Although Gatsby is not the most liked character in the novel, I did not find him to be a bad character and even saw him as kind of funny in multiple sections of the book, just through his demeanor. It was clear that he was trying to make his way in the established rich crowd, but all of the characters seemed to just use him for their own gain and in the end only Nick seemed to care about what happened, despite Nick disliking Gatsby and his ways. I found this contrast ironic, as the people who supposedly cared about Gatsby disappeared after his death, and only Nick, who did not like him, stayed around.

Mike McKibbin said...

The characters and imagery contained F. Scott Fitzgerald’s novel The Great Gatsby are unmistakable in today’s society. The void presented in Gatsby’s life cannot be filled with the superficial friends produced by his parties. He intends to win the love of Daisy, in an attempt to end his concealed loneliness. The theme of hedonism is presented in the frequent parties, and the people that attend them. Gatsby ultimately fails his quest for happiness, bringing about the idea that he would not have been happy even if he achieved his dream. After experiencing life in New York, Nick is dissatisfied with the empty, hedonistic life that many are living. He can sometimes become the opposite of Gatsby, though still a very lonely figure. After returning to Minnesota, he is still searching for happiness, and a way to obtain it. After Gatsby’s dream unraveled, I was left with the feeling that there is no fixed way to obtain happiness. The two opposites, Nick and Gatsby, never achieved this. The “American Dream” which had seemed so attainable, was now unreachable. Despite the lessons taught in this novel, today’s society generally has the very same “American Dream” as Gatsby.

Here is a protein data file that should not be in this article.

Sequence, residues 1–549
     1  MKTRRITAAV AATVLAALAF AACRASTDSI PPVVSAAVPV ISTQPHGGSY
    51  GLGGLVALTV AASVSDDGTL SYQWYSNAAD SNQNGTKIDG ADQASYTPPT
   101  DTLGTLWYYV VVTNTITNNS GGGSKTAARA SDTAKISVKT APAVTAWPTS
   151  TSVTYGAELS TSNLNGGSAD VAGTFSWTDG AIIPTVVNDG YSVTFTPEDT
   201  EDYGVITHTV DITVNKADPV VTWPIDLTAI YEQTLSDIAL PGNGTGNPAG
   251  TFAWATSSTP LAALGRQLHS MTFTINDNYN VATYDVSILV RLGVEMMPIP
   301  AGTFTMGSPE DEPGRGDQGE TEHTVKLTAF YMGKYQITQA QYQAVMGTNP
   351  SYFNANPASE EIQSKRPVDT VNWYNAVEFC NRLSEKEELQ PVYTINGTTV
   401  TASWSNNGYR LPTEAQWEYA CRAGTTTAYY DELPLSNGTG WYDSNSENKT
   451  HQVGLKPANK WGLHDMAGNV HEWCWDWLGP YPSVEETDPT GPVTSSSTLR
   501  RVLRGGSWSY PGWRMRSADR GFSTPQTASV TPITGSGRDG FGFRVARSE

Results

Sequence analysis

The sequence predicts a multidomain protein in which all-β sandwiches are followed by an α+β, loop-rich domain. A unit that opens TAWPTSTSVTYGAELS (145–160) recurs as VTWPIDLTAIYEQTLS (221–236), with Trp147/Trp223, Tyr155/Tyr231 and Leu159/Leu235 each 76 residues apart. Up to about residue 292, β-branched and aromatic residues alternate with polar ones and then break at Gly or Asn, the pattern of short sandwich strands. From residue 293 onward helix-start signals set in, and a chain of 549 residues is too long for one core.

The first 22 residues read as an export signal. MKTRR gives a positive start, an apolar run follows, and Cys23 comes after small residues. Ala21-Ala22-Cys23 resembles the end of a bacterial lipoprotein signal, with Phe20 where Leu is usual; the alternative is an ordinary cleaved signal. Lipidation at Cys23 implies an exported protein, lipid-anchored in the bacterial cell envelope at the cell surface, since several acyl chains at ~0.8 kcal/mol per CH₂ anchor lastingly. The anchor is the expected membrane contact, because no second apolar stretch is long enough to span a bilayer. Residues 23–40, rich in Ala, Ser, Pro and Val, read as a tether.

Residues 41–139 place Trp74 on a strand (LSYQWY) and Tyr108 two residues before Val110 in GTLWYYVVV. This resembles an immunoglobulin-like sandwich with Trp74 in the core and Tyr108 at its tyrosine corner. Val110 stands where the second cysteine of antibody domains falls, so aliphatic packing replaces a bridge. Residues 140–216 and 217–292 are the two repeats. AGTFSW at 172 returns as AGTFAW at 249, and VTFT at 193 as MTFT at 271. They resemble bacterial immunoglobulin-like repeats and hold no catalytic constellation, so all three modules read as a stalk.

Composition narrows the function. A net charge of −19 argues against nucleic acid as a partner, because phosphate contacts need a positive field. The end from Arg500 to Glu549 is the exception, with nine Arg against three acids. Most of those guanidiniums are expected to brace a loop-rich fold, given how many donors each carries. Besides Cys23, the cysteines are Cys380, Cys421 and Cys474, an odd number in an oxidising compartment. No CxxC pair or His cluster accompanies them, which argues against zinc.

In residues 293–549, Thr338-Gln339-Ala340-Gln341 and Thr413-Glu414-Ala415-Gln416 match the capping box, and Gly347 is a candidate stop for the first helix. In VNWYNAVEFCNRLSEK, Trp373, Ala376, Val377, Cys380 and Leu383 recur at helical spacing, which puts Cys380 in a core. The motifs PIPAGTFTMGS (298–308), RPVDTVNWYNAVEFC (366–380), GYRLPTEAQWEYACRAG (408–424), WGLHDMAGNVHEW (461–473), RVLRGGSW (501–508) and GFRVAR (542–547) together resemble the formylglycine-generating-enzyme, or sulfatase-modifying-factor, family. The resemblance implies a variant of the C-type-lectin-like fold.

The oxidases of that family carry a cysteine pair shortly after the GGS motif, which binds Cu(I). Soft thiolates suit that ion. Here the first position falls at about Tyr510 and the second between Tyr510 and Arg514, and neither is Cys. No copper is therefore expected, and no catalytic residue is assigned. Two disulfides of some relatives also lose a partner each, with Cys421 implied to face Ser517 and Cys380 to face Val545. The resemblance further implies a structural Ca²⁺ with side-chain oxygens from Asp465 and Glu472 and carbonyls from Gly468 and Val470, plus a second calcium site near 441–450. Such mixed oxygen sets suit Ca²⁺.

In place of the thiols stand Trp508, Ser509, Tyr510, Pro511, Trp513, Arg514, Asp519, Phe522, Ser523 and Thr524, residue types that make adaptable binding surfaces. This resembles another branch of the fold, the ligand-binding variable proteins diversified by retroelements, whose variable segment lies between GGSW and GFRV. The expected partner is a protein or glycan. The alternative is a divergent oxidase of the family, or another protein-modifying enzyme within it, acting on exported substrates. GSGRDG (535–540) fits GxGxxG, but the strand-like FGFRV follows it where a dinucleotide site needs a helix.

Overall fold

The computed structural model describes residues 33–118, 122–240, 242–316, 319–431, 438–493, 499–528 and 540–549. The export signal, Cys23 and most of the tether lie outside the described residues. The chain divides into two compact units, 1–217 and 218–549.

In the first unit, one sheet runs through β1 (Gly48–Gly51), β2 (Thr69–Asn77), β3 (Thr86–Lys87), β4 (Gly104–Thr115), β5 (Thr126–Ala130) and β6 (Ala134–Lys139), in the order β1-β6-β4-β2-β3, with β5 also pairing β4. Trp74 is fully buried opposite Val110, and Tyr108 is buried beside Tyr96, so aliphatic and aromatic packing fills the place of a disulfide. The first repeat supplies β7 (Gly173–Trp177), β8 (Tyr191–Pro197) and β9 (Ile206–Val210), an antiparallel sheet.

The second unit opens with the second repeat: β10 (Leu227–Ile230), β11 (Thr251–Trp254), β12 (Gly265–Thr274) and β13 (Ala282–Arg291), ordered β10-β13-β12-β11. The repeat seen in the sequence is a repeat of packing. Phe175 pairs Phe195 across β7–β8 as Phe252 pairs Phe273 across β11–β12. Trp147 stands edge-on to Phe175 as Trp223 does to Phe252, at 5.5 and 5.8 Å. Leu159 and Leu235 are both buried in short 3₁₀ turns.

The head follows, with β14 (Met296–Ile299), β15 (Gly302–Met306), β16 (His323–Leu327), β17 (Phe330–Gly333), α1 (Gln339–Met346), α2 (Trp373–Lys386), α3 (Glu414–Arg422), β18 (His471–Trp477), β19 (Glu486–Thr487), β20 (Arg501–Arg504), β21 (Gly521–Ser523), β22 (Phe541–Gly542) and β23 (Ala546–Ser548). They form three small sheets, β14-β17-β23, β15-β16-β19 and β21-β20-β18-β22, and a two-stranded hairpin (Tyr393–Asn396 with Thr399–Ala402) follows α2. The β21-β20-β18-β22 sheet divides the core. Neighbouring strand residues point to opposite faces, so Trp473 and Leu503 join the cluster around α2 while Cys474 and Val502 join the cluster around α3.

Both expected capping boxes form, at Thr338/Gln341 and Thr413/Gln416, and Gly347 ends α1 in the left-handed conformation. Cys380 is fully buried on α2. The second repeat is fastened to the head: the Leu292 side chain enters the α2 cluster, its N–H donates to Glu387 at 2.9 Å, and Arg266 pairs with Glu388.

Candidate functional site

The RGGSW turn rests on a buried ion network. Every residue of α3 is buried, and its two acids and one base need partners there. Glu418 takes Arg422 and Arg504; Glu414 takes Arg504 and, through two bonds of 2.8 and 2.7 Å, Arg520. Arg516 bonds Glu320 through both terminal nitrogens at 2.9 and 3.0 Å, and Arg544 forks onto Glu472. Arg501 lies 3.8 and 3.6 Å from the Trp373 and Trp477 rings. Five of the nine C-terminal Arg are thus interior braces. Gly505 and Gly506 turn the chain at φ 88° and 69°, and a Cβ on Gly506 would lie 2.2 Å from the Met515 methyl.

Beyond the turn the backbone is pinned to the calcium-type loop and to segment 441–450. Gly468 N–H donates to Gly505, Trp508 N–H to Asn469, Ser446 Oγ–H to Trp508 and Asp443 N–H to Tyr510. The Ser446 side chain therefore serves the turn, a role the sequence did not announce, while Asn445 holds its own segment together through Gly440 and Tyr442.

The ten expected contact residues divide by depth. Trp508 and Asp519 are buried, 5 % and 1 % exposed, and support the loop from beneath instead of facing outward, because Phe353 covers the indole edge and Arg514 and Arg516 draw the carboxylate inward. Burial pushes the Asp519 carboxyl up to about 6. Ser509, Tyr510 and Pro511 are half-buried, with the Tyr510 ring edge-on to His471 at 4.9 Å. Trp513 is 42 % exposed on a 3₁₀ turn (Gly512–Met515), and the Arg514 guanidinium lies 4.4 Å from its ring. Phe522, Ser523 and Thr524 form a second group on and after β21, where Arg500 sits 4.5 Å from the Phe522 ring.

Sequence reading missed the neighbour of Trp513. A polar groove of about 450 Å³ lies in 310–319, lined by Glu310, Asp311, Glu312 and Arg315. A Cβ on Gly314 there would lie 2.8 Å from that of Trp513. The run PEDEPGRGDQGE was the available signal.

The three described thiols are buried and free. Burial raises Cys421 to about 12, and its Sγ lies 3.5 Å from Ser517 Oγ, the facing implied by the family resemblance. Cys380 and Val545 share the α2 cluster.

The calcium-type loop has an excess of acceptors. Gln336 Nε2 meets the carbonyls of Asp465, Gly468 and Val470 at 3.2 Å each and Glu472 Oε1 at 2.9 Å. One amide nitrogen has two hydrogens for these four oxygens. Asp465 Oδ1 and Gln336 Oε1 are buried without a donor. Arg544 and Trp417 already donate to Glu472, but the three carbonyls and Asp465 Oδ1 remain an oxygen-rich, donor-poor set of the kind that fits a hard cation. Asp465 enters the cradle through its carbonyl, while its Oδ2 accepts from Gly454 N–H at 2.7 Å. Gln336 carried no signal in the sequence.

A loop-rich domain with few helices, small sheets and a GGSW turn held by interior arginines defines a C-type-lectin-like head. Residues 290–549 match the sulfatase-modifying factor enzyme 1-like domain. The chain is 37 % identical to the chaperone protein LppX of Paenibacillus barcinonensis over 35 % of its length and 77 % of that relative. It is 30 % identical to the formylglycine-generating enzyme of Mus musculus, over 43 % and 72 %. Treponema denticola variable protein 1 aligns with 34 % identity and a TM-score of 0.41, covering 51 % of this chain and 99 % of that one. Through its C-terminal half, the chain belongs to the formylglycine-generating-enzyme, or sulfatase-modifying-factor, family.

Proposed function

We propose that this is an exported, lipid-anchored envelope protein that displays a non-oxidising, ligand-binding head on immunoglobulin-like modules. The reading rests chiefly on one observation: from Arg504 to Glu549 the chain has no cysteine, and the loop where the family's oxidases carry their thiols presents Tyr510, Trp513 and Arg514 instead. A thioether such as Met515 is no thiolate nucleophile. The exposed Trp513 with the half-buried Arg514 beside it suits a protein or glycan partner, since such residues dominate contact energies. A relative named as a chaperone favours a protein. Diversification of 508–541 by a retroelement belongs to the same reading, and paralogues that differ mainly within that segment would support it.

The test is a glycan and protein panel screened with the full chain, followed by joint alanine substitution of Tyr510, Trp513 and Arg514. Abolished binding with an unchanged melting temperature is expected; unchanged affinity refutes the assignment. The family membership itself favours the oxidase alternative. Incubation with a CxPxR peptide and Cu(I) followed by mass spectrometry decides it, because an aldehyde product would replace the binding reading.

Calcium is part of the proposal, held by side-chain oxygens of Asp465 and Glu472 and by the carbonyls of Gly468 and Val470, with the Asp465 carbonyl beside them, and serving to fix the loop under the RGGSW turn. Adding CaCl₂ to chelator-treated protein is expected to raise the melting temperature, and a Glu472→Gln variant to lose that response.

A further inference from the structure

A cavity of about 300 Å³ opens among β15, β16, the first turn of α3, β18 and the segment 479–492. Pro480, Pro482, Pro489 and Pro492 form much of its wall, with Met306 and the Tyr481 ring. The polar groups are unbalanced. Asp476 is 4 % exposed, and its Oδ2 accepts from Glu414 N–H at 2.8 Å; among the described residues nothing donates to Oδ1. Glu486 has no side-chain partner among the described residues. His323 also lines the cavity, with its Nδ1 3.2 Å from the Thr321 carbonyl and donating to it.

p.drisk said...

The Great Gatsby is a novel, which reveals the truth behind most of society. One theme in the novel is obscurity. Most of the world today is living somewhat in obscurity like in the novel. Although not many admit it people today tend to live two different lives, a day life and nightlife, like that in The Great Gatsby. Their nighttime actions are obscured, almost covered up by their daytime lifestyle. Many celebrities live charitable lives during the daytime but at nighttime they almost turn into a different person parting. The Great Gatsby is a “great”, no pun intended, novel that can reveal the truth behind a part of society today.